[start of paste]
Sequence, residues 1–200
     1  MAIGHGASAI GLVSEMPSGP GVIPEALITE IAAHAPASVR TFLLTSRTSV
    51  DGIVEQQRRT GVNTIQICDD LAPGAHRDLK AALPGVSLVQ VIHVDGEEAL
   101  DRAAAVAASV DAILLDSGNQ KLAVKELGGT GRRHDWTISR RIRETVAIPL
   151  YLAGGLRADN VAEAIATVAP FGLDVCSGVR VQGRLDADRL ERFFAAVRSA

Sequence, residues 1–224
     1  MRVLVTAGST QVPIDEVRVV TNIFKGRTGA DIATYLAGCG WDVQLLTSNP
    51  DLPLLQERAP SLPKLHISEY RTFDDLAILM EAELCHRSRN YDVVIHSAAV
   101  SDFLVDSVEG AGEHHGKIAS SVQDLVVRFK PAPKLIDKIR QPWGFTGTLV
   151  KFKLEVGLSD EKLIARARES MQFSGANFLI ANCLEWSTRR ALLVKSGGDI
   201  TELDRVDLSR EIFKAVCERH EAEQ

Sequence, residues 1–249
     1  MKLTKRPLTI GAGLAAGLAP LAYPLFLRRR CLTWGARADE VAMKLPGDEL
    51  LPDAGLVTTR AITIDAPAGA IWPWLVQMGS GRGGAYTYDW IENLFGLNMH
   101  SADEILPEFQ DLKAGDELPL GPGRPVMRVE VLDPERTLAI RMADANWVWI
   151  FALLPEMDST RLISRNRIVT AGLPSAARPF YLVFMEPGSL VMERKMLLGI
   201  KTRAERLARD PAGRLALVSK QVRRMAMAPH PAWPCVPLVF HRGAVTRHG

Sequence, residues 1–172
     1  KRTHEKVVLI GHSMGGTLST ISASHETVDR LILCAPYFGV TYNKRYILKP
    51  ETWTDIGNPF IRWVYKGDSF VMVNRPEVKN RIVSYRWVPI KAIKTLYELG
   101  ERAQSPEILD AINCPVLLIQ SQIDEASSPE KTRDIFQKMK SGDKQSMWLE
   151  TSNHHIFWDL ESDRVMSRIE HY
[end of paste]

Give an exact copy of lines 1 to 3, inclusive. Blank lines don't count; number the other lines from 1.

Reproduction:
Sequence, residues 1–200
     1  MAIGHGASAI GLVSEMPSGP GVIPEALITE IAAHAPASVR TFLLTSRTSV
    51  DGIVEQQRRT GVNTIQICDD LAPGAHRDLK AALPGVSLVQ VIHVDGEEAL